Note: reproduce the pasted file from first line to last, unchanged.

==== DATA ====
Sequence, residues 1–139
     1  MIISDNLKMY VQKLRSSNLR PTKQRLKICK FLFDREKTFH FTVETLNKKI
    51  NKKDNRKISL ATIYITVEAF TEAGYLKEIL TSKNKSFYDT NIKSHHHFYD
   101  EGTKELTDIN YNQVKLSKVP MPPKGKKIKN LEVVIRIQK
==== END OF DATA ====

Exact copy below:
Sequence, residues 1–139
     1  MIISDNLKMY VQKLRSSNLR PTKQRLKICK FLFDREKTFH FTVETLNKKI
    51  NKKDNRKISL ATIYITVEAF TEAGYLKEIL TSKNKSFYDT NIKSHHHFYD
   101  EGTKELTDIN YNQVKLSKVP MPPKGKKIKN LEVVIRIQK